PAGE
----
2 July 2024

Taka Toshifumi: Bringing All Things Into Balance

The bold go-sai, five colors, of Kutani ware are instantly recognizable to anyone familiar with traditional Japanese artistry. The patterns and motifs that cover porcelain pieces have withstood the test of time to become representative of the industry. Yet, every artist who finds their calling in the Kutani genre finds a way to make it fully individual and keep the timeless craft evolving to meet the needs of the future.

One such artist is Taka Toshifumi.

The third generation of Kutani Kougai Kiln, he was born into the craft. Having learned from the masters that came before him including his grandfather, Kougai, who founded the kiln where he now practices and perfects his art, Taka revitalizes the techniques of his predecessors to plant them firmly in the modern age. His motifs of flowers, birds, people, and patterns are brought to life with soft colors and delicate strokes, accentuated with gentle flashes of gold to add a new dimension to the unique elegance that characterizes Kutani ware.

We visited his workshop to speak with the artist and learn firsthand about his passion for the intricate art form, his story of being born into a family of Kutani mastery, and his vision for the future.


  • Seeking Inspiration from the Past
  • The History of Kutani, Expressed Through a Master’s Art
  • The Creative’s Balancing Act

Seeking Inspiration from the Past

“I’ve been surrounded by pottery since I was old enough to understand it.”

Entering the kiln, the reception area is adorned with his creations alongside those of his father and grandfather, giving visitors an instant look into the third generation’s formidable heritage.

Taka’s grandfather, the first-generation founder of Kougai Kiln, didn’t begin his creative journey surrounded by Kutani the way his descendants were. Instead, Kougai’s aspirations were for Japanese-style painting, painting hanging scrolls that decorated the walls of Taka’s childhood home. This early introduction to traditional painting has proven to be a large influence on the master’s current work.

Despite being born into the world, it wasn’t until high school that he set his sights on continuing the family business. And a successful boom during Japan’s economic bubble led him to enroll at the Osaka University of Art to study molding—a course not directly related to the work of Kutani ware.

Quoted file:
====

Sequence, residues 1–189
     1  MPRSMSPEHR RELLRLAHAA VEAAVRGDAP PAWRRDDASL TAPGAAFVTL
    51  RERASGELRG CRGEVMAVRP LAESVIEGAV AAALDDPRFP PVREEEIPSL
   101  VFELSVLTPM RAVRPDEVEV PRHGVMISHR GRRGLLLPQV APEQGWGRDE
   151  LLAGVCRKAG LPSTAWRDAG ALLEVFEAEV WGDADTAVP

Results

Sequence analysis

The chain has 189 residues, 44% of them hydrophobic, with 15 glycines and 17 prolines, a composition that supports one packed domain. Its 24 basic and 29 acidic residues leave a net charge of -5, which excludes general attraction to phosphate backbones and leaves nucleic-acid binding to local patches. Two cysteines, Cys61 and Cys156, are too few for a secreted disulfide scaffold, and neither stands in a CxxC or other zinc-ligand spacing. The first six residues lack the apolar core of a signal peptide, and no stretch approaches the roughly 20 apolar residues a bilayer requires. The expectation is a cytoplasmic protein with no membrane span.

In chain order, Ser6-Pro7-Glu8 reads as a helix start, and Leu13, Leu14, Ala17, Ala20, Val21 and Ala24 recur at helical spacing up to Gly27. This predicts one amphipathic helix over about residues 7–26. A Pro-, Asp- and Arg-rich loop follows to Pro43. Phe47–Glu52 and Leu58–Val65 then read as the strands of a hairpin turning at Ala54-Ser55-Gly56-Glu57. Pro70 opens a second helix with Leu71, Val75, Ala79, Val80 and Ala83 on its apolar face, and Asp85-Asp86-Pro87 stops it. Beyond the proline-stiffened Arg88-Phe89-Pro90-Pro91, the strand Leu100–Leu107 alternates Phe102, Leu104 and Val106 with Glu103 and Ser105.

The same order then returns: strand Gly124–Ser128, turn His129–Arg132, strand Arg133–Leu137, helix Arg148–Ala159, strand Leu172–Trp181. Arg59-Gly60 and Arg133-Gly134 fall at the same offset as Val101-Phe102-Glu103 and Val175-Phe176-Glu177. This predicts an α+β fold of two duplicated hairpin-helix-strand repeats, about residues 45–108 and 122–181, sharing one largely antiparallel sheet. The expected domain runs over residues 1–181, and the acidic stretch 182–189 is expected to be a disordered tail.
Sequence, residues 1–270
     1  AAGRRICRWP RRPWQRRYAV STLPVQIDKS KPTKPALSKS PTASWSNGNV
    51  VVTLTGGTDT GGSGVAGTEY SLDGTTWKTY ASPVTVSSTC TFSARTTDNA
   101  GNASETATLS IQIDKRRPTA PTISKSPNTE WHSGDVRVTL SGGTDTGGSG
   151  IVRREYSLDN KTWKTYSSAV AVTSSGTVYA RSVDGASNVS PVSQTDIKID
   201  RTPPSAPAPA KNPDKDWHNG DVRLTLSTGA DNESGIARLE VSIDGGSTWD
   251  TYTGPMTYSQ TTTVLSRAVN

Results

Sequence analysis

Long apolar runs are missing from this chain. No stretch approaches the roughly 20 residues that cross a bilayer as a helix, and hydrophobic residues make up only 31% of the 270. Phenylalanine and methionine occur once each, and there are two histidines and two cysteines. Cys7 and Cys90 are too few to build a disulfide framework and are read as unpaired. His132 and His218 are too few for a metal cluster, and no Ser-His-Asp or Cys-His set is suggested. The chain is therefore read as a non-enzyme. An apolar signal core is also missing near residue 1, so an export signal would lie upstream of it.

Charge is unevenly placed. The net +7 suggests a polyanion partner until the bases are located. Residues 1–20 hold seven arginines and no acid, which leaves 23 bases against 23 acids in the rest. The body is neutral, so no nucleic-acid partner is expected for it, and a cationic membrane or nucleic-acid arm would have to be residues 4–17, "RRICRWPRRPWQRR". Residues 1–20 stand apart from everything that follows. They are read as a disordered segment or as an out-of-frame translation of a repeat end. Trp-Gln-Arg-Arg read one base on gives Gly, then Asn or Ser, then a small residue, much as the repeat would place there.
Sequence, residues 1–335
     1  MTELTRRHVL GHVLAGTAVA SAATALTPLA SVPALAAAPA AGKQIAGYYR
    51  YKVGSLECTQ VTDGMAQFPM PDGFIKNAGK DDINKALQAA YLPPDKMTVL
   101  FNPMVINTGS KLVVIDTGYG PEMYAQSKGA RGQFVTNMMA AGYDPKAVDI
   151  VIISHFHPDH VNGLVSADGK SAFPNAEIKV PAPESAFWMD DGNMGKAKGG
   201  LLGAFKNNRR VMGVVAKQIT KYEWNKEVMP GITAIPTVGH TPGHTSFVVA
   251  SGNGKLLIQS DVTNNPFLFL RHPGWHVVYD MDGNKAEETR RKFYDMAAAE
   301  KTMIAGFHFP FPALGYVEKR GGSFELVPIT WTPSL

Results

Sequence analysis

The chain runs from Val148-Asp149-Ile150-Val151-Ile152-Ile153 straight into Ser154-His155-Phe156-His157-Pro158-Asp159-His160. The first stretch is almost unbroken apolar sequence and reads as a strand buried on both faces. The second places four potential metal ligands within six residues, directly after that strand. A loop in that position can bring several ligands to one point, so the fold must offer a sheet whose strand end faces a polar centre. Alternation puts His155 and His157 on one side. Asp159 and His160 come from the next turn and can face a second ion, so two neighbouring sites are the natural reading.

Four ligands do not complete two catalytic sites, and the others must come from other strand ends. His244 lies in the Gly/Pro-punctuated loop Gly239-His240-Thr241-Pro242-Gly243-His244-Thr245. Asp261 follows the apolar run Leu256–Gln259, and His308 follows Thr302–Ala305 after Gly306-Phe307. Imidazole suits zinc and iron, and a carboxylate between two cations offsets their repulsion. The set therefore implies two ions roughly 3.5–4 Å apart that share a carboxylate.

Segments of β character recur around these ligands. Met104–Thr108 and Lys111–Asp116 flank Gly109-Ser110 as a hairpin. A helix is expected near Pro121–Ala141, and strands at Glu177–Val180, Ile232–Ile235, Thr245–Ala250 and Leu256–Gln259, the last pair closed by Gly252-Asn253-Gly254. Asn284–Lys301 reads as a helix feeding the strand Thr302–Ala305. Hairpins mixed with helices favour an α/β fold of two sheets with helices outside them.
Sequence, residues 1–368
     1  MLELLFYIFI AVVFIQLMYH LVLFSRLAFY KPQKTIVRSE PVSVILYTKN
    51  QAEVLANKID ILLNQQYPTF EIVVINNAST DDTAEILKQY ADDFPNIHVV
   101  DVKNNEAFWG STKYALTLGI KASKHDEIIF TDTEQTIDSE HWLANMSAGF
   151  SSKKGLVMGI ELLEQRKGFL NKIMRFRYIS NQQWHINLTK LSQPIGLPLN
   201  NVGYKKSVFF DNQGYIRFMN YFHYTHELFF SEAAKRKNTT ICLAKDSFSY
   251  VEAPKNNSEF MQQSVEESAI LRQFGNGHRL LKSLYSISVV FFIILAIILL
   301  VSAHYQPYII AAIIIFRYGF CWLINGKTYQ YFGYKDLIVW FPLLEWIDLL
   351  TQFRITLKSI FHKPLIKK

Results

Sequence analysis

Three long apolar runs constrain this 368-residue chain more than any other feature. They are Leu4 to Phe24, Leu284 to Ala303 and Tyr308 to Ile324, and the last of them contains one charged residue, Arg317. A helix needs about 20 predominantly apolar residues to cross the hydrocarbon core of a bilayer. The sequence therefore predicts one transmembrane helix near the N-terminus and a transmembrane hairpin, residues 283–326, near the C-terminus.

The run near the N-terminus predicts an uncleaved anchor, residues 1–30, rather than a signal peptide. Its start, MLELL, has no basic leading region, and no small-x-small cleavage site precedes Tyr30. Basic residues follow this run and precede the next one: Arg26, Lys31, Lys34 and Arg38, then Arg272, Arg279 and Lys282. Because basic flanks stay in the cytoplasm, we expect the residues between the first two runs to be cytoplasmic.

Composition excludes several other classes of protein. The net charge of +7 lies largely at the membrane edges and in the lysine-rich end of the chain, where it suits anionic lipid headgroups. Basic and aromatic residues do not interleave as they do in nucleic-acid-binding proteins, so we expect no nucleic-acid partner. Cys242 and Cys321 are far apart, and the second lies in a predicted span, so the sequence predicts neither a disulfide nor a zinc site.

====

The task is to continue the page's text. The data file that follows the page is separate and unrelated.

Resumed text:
Following his university studies, he joined the path that had been laid out for him by the generations before him by entering the then-newly established Kutani Ceramic Training Institute. As the curriculum hadn’t been solidified yet, his learnings were mostly conceptual: “That way of thinking about art is still useful to me now.”

Then, at last, he became a working member of Kougai Kiln, taking his place in the family business under the tutelage of not only his grandfather, but the talent that filled the workshop. ”When I joined, there were about 10 craftsmen. It wasn’t like you worked directly side-by-side. I learned by watching.” Even during tea breaks, he gained invaluable knowledge by speaking with local artisans who shared their experiences and insights into the industry and the work. And the education he received from the pottery collective from Kyoto taught him the delicate touch needed to paint small items like teacups.

Despite his extensive and varied experience across the field of fine arts, Taka maintains that Japanese painting holds the most influence over his work—especially the renowned Kano school of painting, which was prominent from the late Muromachi period (1333 CE–1573 CE) to the early Meiji period (1868 CE–1912 CE). “When creating, I tend to lean in that direction, but it can become too standard. I want to do something a little more free.”

The History of Kutani, Expressed Through a Master’s Art

Shoza Painting

Setting the tone of Taka’s pieces is the vibrant, elaborate design that signifies shoza style. Originating in the Meiji period, this genre combines intricate overglaze painting in a rainbow of hues with opulent gold details.